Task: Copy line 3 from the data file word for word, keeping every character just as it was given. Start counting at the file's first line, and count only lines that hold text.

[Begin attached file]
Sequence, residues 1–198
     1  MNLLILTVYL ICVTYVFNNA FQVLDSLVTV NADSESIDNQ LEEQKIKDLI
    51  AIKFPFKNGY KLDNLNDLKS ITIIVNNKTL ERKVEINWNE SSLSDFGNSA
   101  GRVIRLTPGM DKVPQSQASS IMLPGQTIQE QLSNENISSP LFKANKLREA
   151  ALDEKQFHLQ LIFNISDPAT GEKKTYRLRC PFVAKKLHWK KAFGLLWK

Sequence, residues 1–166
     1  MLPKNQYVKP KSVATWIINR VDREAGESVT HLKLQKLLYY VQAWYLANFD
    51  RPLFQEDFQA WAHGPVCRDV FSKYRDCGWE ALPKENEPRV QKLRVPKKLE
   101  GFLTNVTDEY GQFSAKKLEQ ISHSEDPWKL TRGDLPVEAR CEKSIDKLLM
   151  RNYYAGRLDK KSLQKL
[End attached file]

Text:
    51  AIKFPFKNGY KLDNLNDLKS ITIIVNNKTL ERKVEINWNE SSLSDFGNSA